Demon Deacons can’t claw back against Clemson

Wake Forest falls one spot to No. 22 in AP Poll after close defeat to Tigers


Evan Harris

Sam Hartman (No. 10 in black) commands the Wake Forest offense against Clemson.

Cooper Sullivan, Multimedia Managing Editor

After the 51-45 loss in double overtime to No. 5 ranked Clemson, an exhausted Sam Hartman sat down in a chair in the corner of the press room. The thin black plastic chair was tasked with holding up a leader who felt the weight of the world on his still-padded shoulders. Hartman looked through the crowd of reporters and cameras and focused on the back wall as if he were looking for something.

“We lost, so it’s a failure,” Hartman said. “Stats are great, touchdowns are great, but a loss is a loss.”

Hartman threw for 337 yards and 6 touchdowns, a new school record, and orchestrated four straight scoring drives in the second half to force the game to a second overtime. Four different wideouts scored, running backs Justice Ellison and Christian Turner added 100 yards of offense on the ground, the defense hit quarterback DJ Uiagalelei eight times and broke up seven of his passes and kicker Matthew Dennis didn’t miss once. Yet none of this was enough to come out on top.

The Wake Forest student section cheers on the Demon Deacons. (Evan Harris)

“[Wide receivers] Coach [Kevin] Higgins talked to us last night about playing with focus, playing with detail and just being completely mentally and physically exhausted at the end of the game,” fifth-year center Michael Jurgens said. “That’s how we feel right now. They just made one more play.”

That last play was the game-saving pass breakup that left the Wake Forest offense standing stunned. Sophomore cornerback Nate Wiggins was called on twice earlier in the day for pass interference (two of six total PI calls on Clemson) — both of which were in coverage on wide receiver A.T. Perry. Wiggins made the proper readjustment on an underthrown ball on that last play to prevent Perry from making the catch.

There were plenty of miscues on both sides of the ball, especially on defense. The first Clemson play saw running back Will Shipley run untouched for 53 yards. Uiagalelei would then zip a touchdown to Jake Briningstool as defensive tackle Tyler Williams got to the quarterback a half-step too slow. The very next touchdown pass, this time to Brannon Spector, went straight through the hands of cornerback Gavin Holmes.

This 14-0 deficit wouldn’t last long, however. By the end of the first half, Wake Forest had gotten into a rhythm and slowed down the powerful Tiger offense, forcing head coach Dabo Swinney to settle for field goals. Paired with two end zone deposits from sophomore receiver Jahmal Banks, the Deacons whittled down the Clemson lead to a manageable 20-14 going into halftime.

Clemson had won the initial coin toss and elected to defer, but they were not able to capitalize on their first possession of the second half, punting a staggering 21-yards after heavy pressure from Holmes and senior end Rondell Bothroyd. The Demon Deacons would march down the field in four plays, topping off the crucial possession with a perfectly in-stride touchdown catch by Donavon Greene to gain the lead for the very first time.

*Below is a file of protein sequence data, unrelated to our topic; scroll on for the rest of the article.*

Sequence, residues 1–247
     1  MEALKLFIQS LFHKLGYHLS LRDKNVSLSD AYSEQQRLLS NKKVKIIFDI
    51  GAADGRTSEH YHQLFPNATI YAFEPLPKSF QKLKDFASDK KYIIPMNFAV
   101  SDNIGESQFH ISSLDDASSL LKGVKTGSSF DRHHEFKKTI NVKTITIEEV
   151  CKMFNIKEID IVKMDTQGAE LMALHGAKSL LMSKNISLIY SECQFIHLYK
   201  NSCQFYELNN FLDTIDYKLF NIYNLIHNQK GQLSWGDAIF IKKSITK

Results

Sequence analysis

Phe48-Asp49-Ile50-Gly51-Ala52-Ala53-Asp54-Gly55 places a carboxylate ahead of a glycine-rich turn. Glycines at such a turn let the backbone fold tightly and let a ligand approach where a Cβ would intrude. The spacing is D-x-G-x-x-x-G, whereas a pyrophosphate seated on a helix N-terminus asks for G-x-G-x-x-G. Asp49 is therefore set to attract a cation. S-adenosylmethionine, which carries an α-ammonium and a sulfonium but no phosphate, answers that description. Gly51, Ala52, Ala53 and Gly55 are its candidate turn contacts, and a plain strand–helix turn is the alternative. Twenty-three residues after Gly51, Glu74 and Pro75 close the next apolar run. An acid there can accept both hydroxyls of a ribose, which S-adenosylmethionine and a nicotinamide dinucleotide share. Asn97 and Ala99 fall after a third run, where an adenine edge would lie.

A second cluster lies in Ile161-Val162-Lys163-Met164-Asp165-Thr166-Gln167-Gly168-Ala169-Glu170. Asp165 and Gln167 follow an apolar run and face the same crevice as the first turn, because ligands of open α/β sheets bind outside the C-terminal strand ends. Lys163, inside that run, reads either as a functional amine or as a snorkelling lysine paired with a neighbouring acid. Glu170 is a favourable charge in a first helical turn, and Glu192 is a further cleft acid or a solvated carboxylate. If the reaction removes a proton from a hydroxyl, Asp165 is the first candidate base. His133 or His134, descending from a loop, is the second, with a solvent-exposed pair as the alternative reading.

The next pair of drives saw the exact same results. The defense coerced another Clemson three-and-out thanks to Bothroyd, and Hartman followed up the stop with a cross-field march to score, this time with a rope of a pass to tight end and Winston-Salem product Blake Whiteheart who elevated over his defender to reel in the 19-yard dagger to put the Deacs up 28-20. The two ACC Atlantic rivals would trade scores until the end of regulation and eventually the second overtime.

Stats are great, touchdowns are great, but a loss is a loss.

— Wake Forest QB Sam Hartman

Defensive tackle Kobie Turner, credited with six tackles and one 2-point conversion denying deflection was quick to praise Hartman and the offense’s performance.

“I thought it was spectacular. It’s being a part of a team where you have a high powered offense, where if you come off onto the sideline, and maybe you gave up a touchdown, maybe you gave up three points. Knowing that they’re gonna go right out there and get it right back, that’s one of the most encouraging things.”

Head coach Dave Clawson echoed his player’s statements.

“I’m proud of our team,” Clawson said. “We battled and competed. Our kids played so hard. The locker room is hurting right now. This football team has invested a lot and they care a lot. They expected to win this game.”

Turner reinforced the thought that while the end result wasn’t the one imagined, Wake Forest is far from rolling over.

“We are a team that’s going to fight and if anybody in that stadium, if anybody watching on TV didn’t understand that, then I don’t know what they were looking at,” Turner said.

When Hartman finally rose from the chair in the corner to his bare feet, quick to save an emotional Jurgens from an awkward question, it was clear that he was still fighting for his team, fighting through his emotions, well after the final whistle. Hartman didn’t say much during the presser, but as he walked out, only one thing was left lingering in his mind — the next game against Florida State. All he was doing sitting in that chair earlier was looking forward.